Roberto Clemente Bridge Closes for Rehab


Last week, city officials announced the closure of the Roberto Clemente Bridge in Pittsburgh for almost two years to complete its $34.4 million renovation project. The bridge, also known as the Sixth Street Bridge, is part of a larger rehabilitation project for the city’s "Three Sisters" bridges.

Previously, the city has rehabilitated the Andy Warhol Bridge for $25.4 million in 2016-2017 and the Rachel Carson Bridge for $23.3 million in 2019-2020. While both projects resulted in new lane configurations, the Roberto Clemente Bridge will not require this and plans to maintain its two lanes.

Project Scope

The contract for the structure’s rehabilitation project bid Nov. 4 last year and was awarded Dec. 2 to Mosites Construction and Development Company of Pittsburgh. According to Allegheny County, the work that will occur as part of the project includes:

  • Repairs to the structural steel;
  • Repairs to the concrete/masonry substructure;
  • Replacement of the concrete deck and sidewalks;
  • Replacement of the expansion dams;
  • Refurbishment of the pylons;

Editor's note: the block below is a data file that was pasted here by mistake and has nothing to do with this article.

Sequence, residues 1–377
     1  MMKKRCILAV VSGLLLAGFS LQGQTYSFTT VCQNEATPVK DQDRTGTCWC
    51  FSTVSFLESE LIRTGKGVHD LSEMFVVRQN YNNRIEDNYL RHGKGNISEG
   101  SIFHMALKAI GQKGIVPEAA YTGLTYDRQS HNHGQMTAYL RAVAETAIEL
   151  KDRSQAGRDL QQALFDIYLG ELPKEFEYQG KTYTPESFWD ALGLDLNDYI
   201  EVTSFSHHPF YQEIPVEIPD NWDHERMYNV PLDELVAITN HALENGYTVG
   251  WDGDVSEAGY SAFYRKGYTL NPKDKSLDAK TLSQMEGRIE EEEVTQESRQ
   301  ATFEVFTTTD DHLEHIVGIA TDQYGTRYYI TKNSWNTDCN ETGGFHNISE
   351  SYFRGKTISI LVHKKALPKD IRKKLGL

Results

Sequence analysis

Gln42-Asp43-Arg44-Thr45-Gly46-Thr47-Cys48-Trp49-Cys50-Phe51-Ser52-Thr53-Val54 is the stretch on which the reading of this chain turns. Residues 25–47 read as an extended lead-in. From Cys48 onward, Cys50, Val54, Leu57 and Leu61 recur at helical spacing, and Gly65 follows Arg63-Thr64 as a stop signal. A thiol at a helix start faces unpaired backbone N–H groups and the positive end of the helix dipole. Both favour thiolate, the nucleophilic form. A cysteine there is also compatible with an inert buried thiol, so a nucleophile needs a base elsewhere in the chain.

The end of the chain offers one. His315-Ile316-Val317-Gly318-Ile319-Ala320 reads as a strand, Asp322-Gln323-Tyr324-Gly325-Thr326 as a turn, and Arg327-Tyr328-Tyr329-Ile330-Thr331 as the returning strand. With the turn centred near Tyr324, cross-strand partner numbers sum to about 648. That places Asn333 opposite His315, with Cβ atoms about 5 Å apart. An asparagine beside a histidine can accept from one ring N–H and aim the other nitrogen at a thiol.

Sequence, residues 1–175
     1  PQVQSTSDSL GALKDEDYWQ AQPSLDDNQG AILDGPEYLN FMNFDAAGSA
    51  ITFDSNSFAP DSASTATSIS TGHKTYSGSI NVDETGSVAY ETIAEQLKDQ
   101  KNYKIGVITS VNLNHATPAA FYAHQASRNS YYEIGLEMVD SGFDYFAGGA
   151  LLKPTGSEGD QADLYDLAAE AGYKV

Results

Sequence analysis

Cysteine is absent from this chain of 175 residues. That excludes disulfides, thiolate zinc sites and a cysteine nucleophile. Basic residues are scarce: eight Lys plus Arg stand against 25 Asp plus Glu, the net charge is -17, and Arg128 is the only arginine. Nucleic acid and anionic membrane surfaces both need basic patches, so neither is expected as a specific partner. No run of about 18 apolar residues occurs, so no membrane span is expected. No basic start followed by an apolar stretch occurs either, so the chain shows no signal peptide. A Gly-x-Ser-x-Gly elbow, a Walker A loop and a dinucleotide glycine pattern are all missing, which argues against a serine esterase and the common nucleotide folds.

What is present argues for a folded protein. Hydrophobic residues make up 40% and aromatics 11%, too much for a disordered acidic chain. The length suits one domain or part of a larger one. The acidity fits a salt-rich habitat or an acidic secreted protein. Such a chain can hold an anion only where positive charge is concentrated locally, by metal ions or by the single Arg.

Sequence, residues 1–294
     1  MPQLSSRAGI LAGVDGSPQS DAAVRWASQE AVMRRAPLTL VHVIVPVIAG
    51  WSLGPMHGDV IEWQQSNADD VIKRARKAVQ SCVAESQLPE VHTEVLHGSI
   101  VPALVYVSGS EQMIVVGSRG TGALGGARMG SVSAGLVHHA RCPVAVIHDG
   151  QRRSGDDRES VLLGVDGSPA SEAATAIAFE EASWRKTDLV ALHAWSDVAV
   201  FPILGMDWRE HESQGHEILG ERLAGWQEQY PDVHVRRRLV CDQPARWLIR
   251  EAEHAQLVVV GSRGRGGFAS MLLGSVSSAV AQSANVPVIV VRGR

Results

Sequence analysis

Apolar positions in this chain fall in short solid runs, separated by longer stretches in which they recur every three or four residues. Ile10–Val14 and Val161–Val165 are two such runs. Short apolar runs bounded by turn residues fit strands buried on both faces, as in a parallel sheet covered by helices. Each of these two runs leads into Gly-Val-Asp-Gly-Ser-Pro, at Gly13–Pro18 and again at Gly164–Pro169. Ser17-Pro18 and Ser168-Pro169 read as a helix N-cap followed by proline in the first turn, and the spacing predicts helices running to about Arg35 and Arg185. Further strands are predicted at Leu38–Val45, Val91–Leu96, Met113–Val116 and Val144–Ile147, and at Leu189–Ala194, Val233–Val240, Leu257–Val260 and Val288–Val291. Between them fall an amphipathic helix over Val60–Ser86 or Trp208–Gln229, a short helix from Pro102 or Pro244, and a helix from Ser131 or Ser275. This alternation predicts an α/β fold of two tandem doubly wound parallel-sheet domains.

• Repairs to the stairs on the Downtown side;
  • Improvements to drainage;
  • Repainting of the bridge and handrails Aztec Gold;
  • Replacement of the navigational lighting;
  • Replacement of the street lighting to resemble its original appearance from the 1920s;
  • Replacement of the electric and gas utility lines under the bridge; and
  • Replacement of the delineator posts used to separate the bicycle lanes from the vehicle lanes.

The work will also include cleaning tower interiors, cleaning of masonry surfaces and coating application. The bridge has a 430-foot span between towers with a total suspended length of 960 feet.

Exposed masonry surfaces on the bridge, as well as the other two Sister Bridges, will be cleaned along with placement of rock scour protection for the Roberto Clemente and Rachel Carson Bridge piers as part of the renovations.

According to the release, the bridge was last inspected in 2021, with the bridge’s deck, superstructure and substructure rated with a 5, or in “fair condition.” The bridge carries approximately 7,895 vehicles daily across the Allegheny River.

Funding for the project is coming from the Federal Highway Administration, the Pennsylvania Department of Transportation and Allegheny County. It is currently expected to reach completion by December 2023.

In addition to repairs, approximately 11,000 “love locks” previously placed on the bridge will be removed. These locks will be donated to the Industrial Arts Workshop in Hazelwood, which teaches students about sculpture creation and artistic literacy.

“The Clemente Bridge is an iconic symbol of Pittsburgh, and one that visitors and residents alike are familiar, but it too needs some love,” said County Executive Rich Fitzgerald. “This significant infrastructure investment will complete the rehabilitation of the third Sister Bridge and also allows the opportunity for a unique, sustainable reuse of the many locks that have been added to the bridge over the years.”